“What happens when your child is in hospital? My daughter has spent twice four months as an in patient. It was planned hospital admission and the lack of flexibility of my boss that eventually made me give up work” (parent of disabled child).

The pattern of work was also the principal concern for the working cohort of parents: 61% had tried to change their pattern of work while 56% had tried to change the number of hours that they work. Sixty-two per cent of the working cohort worked less than 30 hours a week and the vast majority of those not working, but expressing a desire to do so, wanted to work for less than 30 hours a week. School hours jobs and term-time working were particularly desired by both those in and out of work given the difficulties these parents face in finding and affording holiday childcare. JCP should encourage employers to offer term time only and school hours jobs.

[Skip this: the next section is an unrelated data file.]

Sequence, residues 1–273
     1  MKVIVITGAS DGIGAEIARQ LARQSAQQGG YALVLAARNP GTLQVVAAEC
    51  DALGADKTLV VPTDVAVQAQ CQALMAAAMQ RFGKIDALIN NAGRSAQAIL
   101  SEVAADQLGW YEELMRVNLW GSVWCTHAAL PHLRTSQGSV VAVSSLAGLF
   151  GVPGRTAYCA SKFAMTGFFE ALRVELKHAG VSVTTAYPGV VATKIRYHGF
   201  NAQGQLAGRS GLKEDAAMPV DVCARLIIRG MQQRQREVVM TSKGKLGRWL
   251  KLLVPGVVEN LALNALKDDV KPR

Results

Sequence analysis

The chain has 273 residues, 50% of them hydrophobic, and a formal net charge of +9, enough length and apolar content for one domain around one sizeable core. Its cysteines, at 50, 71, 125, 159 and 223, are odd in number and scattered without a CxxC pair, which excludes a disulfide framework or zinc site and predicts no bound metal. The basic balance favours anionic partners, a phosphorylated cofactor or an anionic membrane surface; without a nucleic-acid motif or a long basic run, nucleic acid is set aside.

4.4 An additional problem arises for parents who want to study or retrain to improve their chances to return to work on a part time basis.

A single parent was moved from Income Support (IS) to JSA and wanted to undertake a retraining course for 15 hours a week over two days. However, as the college classed it as a full time course, JCP would not give her JSA: they say she is a full time student. The parent was prepared to look for work for 2.5 days. Our advice was that she should try to find 16 hours of work per week to combine with her course, so that she can claim Working Tax Credit—which would not place the same restrictions on her ability to study.

5. Back to Work Support